Conveners: Parker MacCready, University of Washington, Oceanography, Box 357940, Seattle, WA 98195-7940, Phone: +1-206-685-9588, Fax: +1-206-543-6073, E-mail: parker@ocean.washington.edu; and Kurt Polzin, MS-21, Woods Hole Oceanographic Institution, Woods Hole, MA 02543, Phone: +1-508-289-3368, Fax: +1-508-457-2181, E-mail: kpolzin@whoi.edu

OS14   Integrating Biology and Physics in Ecosystem Studies of Planktonic Populations
Studies of the coupling between physics and biology of zooplankton and ichthyoplankton are being conducted in the North Atlantic, North Pacific, and Southern Oceans. These carefully designed studies of "target species" are leading to new insights into the coupled physical and biological processes that control animal distribution and abundance. This session is designed to enable researchers working in these areas to present papers that cover the following topics: (1) modeling and observations (distribution, abundance, and rate processes) of the planktonic populations; (2) modeling and observations of physical processes (e.g., cross-frontal exchange, tidal mixing fronts, wind-driven flow, turbulent mixing) which influence the physical environment and may effect biological processes; (3) population dynamics and its relation to physical processes; (4) links between regional physical and biological phenomena to larger scales; (5) regime shift studies of plankton populations including linkages to climate change or climate variability; and (6) connections to fish recruitment. Of particular interest are modeling and observational studies that integrate biological and physical processes.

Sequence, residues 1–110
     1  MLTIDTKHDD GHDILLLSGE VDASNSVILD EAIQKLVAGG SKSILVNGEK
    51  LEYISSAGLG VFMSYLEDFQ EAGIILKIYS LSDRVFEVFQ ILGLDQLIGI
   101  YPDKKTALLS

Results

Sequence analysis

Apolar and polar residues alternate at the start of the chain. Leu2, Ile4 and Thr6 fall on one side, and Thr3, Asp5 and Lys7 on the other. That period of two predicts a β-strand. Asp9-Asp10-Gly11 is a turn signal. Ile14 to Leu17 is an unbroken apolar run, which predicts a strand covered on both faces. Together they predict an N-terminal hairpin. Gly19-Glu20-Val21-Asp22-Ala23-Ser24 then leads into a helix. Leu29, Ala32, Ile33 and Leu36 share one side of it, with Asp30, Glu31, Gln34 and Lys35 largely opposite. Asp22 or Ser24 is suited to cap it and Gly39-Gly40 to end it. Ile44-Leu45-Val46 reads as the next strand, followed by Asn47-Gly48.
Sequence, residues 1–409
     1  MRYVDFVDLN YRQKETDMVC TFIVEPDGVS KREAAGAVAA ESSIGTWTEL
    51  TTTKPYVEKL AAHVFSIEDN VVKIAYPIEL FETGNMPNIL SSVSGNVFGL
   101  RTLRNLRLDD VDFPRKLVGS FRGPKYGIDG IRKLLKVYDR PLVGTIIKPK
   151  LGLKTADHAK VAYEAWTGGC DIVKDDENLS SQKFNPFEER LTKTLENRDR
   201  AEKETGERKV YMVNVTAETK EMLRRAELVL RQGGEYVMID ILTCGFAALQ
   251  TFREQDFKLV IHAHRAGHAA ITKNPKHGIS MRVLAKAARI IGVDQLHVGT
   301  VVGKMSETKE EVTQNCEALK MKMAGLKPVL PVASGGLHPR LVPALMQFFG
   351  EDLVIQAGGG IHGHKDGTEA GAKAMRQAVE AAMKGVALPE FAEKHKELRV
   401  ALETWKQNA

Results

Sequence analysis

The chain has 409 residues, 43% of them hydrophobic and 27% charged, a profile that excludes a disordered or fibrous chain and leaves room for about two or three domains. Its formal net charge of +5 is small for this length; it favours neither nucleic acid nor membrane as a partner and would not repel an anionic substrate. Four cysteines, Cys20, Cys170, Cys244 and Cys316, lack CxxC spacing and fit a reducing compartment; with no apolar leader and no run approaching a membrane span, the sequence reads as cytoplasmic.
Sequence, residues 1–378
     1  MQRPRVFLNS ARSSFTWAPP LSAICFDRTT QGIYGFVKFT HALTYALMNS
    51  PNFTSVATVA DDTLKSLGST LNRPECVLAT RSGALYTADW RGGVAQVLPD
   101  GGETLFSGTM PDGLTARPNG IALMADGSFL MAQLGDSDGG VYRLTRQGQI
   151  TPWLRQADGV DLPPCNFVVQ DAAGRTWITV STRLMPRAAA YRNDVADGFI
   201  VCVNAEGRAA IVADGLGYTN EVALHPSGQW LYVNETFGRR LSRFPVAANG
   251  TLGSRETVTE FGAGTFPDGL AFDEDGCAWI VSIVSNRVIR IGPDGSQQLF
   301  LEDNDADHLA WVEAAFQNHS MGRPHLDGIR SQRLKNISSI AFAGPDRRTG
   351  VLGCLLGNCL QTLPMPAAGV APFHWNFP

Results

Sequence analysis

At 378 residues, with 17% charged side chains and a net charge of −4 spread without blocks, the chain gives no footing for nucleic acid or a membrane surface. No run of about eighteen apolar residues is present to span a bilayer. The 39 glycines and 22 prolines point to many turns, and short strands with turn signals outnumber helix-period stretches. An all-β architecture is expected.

Conveners: Peter Wiebe, Woods Hole Oceanographic Institution, Woods Hole, MA 02543, Phone: +1-508-289-2313, Fax: +1-508-457-2169, E-mail: pwiebe@whoi.edu; Tom Powell, University of California, Berkeley; Brad de Young, Memorial University; Eileen Hofmann Old Dominion University; and Robert Beardsley, Woods Hole Oceanographic Institution.

OS15   Interdisciplinary Studies of Arctic and Antarctic Polynyas
The last decade of this century has seen intensive interdisciplinary research conducted in both Arctic and Antarctic polynyas (open bodies of water surrounded by dense concentrations of ice on continental shelves). The physical mechanisms responsible for the seasonal opening and maintenance of a polynya also largely determine atmospheric exchanges, nutrient fluxes, and biological responses within the area. Biological responses and enhanced rates of food web transfer in a polynya often occur in the extreme and may extend far beyond the physical boundaries of the open water, thus enhancing the overall importance of polynyas to polar ecosystems. The magnitude and scope of the various processes that occur within and beyond the boundaries of polynyas may also influence climate and the sedimentary record. This session will begin to explore interdisciplinary themes in the physical, geochemical, and ecosystem functioning of Arctic and Antarctic polynyas.